Building construction and operations account for 36% of final energy use and nearly 40% of energy-related carbon dioxide (CO2) emissions globally, making the sector the largest energy user and producer of greenhouse gases (GHG), says Green Building Council of South Africa (GBCSA) CEO Dorah Modise.
“Improving the energy efficiency in buildings has proven to be a low-hanging fruit in reducing carbon emissions brought about by a largely coal-powered electricity grid and promoting energy security, given South Africa’s current electricity challenges.”
She explains that the South African government has implemented and is in the process of rolling out a number of policies and legislative instruments that will require ambitious action by property sector stakeholders.
Moreover, in February, Parliament passed the Carbon Tax Bill, with the first phase of the programme rolling out from 2019 to 2022. The tax rate will be set at R120/t of CO2 produced; and the total tax-free allowances can be up to 95%. The draft Carbon Tax Bill makes provision for the carbon offsets allowance which “provides flexibility to firms to reduce their carbon tax liability by either 5% or 10% of their total GHG emissions by investing in projects that reduce their emissions”, according to National Treasury.
Meanwhile, in 2018, the Department of Energy (DoE) published the draft Regulations for the Mandatory Display and Submission of Energy Performance Certificates for Buildings. With this draft, the DoE is trying to extend the scope of buildings that require display of their energy performance certificates (EPC), beyond government buildings.
Private buildings used for entertainment, public assembly, theatres, indoor sport arenas, places of instruction, and offices which have been in operation for at least two years and have not been subject to a major renovation within the past two years of operation will be affected.
Further, in 2016, the DoE published the first draft of the Post-2015 National Energy Efficiency Strategy (Post-2015 NEES), announcing that its vision was to “promote energy efficiency as the ‘first fuel’ in driving balanced, socially inclusive and environmentally sustainable economic growth, boosting job creation and leading technological innovation across the region”. This followed on from the NEES of 2005, which set a national target for energy intensity reduction.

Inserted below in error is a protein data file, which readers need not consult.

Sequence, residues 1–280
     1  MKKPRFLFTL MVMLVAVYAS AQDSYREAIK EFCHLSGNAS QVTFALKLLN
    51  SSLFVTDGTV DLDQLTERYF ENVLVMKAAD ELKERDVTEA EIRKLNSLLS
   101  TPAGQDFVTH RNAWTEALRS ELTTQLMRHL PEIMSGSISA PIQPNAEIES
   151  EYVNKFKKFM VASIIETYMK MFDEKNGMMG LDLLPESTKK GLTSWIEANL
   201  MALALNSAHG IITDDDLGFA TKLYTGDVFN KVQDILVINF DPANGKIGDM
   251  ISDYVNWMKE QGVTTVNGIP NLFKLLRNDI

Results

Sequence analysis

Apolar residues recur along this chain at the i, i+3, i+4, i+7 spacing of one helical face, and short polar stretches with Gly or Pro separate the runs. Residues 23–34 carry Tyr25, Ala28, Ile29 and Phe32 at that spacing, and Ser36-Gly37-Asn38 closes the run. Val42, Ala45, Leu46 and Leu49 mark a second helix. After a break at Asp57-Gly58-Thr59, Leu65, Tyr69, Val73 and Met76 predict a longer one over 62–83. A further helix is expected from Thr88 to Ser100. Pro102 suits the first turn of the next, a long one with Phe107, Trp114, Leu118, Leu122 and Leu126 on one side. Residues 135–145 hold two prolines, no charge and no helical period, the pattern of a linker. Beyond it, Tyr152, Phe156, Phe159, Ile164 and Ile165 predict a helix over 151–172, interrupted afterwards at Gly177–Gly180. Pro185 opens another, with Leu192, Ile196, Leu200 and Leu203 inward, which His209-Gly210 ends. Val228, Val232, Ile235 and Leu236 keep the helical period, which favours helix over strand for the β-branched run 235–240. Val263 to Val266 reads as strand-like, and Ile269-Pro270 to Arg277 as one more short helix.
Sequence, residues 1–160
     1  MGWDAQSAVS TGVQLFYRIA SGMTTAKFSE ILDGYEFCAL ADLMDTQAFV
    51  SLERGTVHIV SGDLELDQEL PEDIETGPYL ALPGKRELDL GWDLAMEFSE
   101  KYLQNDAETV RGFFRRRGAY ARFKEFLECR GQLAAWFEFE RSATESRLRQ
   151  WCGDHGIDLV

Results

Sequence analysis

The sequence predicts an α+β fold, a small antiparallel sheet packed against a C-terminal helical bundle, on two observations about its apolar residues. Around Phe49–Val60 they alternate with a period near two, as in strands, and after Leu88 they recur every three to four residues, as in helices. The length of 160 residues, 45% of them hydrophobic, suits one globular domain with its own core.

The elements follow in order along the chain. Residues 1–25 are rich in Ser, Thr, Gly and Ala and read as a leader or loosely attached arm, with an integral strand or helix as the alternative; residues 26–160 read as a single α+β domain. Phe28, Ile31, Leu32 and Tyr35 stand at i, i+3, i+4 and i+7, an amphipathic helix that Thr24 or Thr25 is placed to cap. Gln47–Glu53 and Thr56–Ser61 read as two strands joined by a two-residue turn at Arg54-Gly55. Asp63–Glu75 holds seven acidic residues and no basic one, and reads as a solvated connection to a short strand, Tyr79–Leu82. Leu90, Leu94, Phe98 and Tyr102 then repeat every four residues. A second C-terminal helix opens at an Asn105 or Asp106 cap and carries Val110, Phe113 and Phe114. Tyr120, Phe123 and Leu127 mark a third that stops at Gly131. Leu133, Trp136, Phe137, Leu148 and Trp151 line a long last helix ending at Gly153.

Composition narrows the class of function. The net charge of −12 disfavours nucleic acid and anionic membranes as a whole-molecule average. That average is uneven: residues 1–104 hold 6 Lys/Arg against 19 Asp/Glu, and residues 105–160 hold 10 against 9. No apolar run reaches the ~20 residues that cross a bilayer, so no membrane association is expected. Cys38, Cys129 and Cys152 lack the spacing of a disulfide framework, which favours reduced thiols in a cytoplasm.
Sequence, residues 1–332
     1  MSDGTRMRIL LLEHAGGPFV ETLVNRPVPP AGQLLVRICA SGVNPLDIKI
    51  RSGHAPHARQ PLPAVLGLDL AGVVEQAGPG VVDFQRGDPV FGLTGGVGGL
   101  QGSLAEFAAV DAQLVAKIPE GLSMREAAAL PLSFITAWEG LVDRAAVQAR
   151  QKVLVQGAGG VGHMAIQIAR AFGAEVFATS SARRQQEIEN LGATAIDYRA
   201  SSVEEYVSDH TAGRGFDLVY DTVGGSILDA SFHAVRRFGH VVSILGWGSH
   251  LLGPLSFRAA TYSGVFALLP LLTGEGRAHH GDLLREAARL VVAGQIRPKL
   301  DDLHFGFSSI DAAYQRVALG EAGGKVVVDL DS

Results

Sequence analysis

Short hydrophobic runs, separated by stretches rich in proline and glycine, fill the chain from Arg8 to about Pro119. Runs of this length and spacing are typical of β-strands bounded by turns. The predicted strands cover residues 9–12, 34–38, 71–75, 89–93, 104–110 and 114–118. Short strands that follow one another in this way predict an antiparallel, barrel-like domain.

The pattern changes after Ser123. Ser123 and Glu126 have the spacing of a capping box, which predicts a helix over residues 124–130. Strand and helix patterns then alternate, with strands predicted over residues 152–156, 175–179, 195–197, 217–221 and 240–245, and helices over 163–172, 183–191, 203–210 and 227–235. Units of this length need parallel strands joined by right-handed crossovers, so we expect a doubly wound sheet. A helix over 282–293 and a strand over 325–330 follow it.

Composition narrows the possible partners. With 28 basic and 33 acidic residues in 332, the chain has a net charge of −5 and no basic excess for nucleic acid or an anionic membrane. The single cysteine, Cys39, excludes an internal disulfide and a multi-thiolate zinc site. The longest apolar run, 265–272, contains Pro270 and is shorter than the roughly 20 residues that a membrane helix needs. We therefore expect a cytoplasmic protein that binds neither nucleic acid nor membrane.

The goals, targets and measures of Post-2015 NEES are set out across three sectors, which, when achieved, will have a significant impact on South Africa’s energy use.
The first is the public buildings sector, the goal in this sphere is to accelerate the current rate of improvement in energy consumption per square metre in buildings occupied by the public sector at national, provincial and municipal levels. The target is to have a 50% reduction in energy consumption by 2030, relative to a 2015 baseline.
Some of the measures to achieve this include developing the “Lead by Example” brand, successive tightening of building standards, EPCs, broadening the scope of mandatory labelling and minimum energy performance standards.
Secondly is the residential sector, with the Post-2015 NEES goal being to transform the market for household appliances in favour of more energy efficient models – a targeted 33% reduction by 2030. Another aim is to substantially reduce the average specific energy consumption of the stock of residential buildings – a 20% improvement by 2030.
Some of the measures to achieve these goals and targets include successive tightening of appliance minimum energy performance standards, energy endorsement labelling, a scrappage scheme for appliances, successive tightening of building standards, energy performance certificates and financial incentives to undertake thermal improvements.
Lastly is the commercial sector, with the goal being to accelerate the current rate of improvement in energy consumption per square meter of inhabited floor space in the commercial sector, with a targeted 37% reduction. Measures similar to the above categories include successive tightening of building standards, EPCs, green leases, a scrappage scheme, energy endorsement labelling and alternative financing solutions.
Meanwhile, the building regulations are requirements set out by an authority that focus on reducing the energy used for a specific end use or building component. Examples of these are SANS 10400, which provides the minimum standard for health and occupational safety for occupants in buildings; SANS 10400XA, a new section included to address the reduction of GHG caused by buildings and extensions to buildings; SANS 204, which specifies the design requirements for energy efficiency in buildings and of services in buildings with natural environmental control and artificial ventilation or air conditioning systems; and SANS 1544, which, from 2015, required all government buildings to display their EPCs in the foyer.
In addition, the 12L Income Tax Allowance on Energy Efficiency Savings that was introduced in 2013 provides a tax deduction for savings achieved through proven energy efficiency measures. It is not only available to large-scale energy projects but includes measures such as upgrades to buildings. The incentive is, however, not applicable to key players in the property sector as they are not the final taxpayer; for example, real estate investment trusts.
Moreover, Modise notes that the GBCSA welcomes the introduction of these instruments in an effort to promote energy efficiency but also notes that government still needs to do more work in enhancing the means of implementation of these policies and in creating an enabling environment for the private sector to act.
“As the GBCSA, we advocate for voluntary action that goes beyond minimum requirements. Sustainability requires audacious leadership and commitment that comes from a desire to do good by the environment and society – this commitment always goes beyond just compliance,” she concludes.